ET: What was the latest or favourite business book you read?

Jack McDonald: The Outsiders – by William Thorndike. Fascinating book about a topic that may sound dry but its about capital allocation. How do you optimise your business? When do you invest it organically? How do you source capital? How do you deploy capital? When do you invest it inorganically through acquisitions? When do you return it to shareholders?

He traces the business careers of a dozen iconic CEO’s from Katherine Graham, Warren Buffett, Henry Singleton to John Malone. He looks at the fundamental capital allocation principles and how those iconic entrepreneurial CEOs deployed them in their businesses. It is a great read. I would recommend it for any business person.”

ET: What’s the best decision you’ve made as a CEO.

Jack McDonald: “Every time the best decision is action. It is putting your canoe in the stream of commerce. You have got to get in the game. I talk to people, people that I love, that I have known a long time, they are constantly bemoaning the state of the republic, the world is falling apart, debt levels are too high, inequality is increasing, the tax burden is not properly structured. There is a constant parade of horribles.

“Against that, in that environment from my own experience, we have built two public companies with over $2 billion of value. That is with the Russian financial crisis, the dot com crash, the great recession, soaring debt, rising income inequality. There is a world out there for people that are doers, that don’t sit home consuming cable news and getting wrapped up in all that nonsense. Who get out every day who build businesses and service customers and create opportunity and create value. The best decision is ignore the nay sayers and have faith in yourself, put yourself in the stream of commerce and go.”

ET: What is your vision for UPLAND?

Jack McDonald: “We have an opportunity here to build the preeminent cloud-based work management software company, growing organically and through acquisition at north of 50 and close to 60 percent a year. We have best in class profitability of any public company of our size category in cloud software and have an opportunity to double, triple, quadruple this over the next 3-7 years. To open up a ton of value for customers, opportunity for our people, value for shareholders, that’s my vision I want to execute against.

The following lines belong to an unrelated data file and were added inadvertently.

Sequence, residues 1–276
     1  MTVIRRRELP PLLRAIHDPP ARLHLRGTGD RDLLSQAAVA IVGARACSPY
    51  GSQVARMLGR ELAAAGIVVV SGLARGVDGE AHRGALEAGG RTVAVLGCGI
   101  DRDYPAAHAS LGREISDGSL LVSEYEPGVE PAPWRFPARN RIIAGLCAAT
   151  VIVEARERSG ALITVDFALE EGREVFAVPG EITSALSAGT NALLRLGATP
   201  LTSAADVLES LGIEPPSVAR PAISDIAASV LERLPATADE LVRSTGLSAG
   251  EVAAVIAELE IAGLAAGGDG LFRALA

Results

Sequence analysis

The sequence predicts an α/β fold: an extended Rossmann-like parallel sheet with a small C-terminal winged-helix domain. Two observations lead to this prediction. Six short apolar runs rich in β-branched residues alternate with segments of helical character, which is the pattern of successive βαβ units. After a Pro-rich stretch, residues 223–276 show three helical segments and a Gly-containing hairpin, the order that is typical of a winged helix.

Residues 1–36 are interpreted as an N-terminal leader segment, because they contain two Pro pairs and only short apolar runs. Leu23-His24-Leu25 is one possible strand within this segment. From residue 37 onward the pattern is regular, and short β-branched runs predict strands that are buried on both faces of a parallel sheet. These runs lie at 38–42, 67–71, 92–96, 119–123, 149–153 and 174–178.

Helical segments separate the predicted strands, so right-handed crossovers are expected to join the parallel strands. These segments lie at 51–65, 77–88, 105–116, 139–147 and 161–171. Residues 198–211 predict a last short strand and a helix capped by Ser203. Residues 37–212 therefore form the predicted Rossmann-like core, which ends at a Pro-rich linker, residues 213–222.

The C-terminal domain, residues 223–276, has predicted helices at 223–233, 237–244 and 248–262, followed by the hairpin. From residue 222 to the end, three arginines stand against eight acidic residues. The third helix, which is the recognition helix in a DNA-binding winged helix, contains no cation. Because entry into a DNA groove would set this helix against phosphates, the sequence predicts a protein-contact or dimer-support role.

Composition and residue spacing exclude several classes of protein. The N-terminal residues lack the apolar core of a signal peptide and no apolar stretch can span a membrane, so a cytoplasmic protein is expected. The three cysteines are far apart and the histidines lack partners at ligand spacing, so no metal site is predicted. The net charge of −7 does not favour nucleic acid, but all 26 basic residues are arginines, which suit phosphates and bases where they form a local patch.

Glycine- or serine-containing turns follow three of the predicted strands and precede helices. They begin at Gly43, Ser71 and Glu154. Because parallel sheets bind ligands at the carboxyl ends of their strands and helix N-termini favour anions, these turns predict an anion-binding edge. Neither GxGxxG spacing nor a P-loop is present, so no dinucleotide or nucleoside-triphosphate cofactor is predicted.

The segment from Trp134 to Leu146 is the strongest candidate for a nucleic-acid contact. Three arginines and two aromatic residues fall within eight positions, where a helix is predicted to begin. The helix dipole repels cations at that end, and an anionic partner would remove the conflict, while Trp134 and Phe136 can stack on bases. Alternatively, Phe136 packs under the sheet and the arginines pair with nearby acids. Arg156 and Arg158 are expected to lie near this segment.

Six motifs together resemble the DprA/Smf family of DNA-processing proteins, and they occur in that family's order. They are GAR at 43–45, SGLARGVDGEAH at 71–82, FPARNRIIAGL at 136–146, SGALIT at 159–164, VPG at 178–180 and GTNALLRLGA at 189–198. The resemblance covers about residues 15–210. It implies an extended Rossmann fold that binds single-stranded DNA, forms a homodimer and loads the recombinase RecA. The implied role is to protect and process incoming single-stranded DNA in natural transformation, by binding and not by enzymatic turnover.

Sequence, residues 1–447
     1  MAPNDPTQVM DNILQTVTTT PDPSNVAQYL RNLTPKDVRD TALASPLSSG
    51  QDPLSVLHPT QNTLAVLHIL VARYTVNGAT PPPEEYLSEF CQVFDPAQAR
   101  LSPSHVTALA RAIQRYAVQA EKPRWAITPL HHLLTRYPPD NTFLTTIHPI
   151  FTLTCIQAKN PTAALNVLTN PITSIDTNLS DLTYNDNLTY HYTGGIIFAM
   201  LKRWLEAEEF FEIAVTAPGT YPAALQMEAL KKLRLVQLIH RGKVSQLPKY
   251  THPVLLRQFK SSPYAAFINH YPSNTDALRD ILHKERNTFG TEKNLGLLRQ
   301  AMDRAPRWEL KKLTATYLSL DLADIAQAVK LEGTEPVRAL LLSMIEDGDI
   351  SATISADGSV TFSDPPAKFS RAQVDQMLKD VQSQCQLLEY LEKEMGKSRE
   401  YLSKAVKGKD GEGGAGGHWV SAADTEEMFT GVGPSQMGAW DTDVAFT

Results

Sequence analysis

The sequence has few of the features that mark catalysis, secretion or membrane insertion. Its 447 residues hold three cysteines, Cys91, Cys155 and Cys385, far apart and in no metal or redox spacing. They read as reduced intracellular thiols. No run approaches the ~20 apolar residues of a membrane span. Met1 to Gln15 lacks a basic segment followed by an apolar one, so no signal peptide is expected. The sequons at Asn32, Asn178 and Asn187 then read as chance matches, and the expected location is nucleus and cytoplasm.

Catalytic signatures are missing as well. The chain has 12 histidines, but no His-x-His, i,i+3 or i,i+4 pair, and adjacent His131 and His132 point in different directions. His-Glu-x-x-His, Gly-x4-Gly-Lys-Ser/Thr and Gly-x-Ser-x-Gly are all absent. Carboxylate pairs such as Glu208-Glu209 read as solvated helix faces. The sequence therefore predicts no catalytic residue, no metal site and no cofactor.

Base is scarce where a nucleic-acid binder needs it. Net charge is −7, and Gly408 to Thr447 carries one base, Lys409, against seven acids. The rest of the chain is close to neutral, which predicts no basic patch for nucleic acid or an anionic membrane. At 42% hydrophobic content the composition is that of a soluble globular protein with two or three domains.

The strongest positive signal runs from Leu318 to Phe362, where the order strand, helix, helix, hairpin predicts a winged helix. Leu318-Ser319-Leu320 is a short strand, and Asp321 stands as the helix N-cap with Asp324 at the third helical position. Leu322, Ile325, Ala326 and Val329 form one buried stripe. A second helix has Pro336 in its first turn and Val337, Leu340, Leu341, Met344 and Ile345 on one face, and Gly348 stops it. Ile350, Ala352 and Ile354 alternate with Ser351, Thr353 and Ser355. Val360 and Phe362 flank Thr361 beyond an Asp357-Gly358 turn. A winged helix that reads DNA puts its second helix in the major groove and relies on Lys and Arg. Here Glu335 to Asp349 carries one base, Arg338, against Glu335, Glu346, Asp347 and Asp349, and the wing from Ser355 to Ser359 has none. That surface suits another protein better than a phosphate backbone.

“We used to talk about 250 million in revenue, well we are on the cusp of that now. At $200 million and growing rapidly now. With a few more acquisitions we will be at $250 million and close to $100 million of EBITDA run rate before we know it. Our next goal will be double that. Start penetrating accounts further and bring more value to customers.”

ET: Most of the Upland acquisitions have not been startups leveraging new technology. What is on the radar in terms of future technology for Upland.

Jack McDonald: “We are building a series of suites that serve three buying centres in the enterprise: Sales and marketing, business operations, and Project and IT management. If you look at the solutions we are buying, they are cloud-based, they are dynamic, they are not dusty old on-prem technology. The enterprise software business is about a $190 billion annual business. Cloud today is about a third of that. It will be 80-90 percent of it within 7-10 years. We have got the new fresh solutions and we have got this massive tailwind. We are buying solutions that first fit into our suites.

“So here is an example. In customer experience management where we are winning great new marque accounts. We are building a series of solutions that handle the entire customer journey from lead gen through initial purchase through repurchase and customer advocacy, creating the ability to converse, meaningfully with customers at scale across multiple platforms: Social media, Mobile and text, rich content over mobile as it emerges, email with knowledge management with data integrity. That is an area we are very excited about and we have a roadmap for that suite and we will buy solutions that will advance that roadmap and that fit our financial criteria.

“We are doing that across each of our seven suites. It needs to be domain specific, Fortune 2000 customer based, sticky applications that have retention rates north of 90 percent and as long as those criteria are met then it is an acquisition candidate for us and then it is a questions of whether we can buy it within the valuation parameters that we have established.”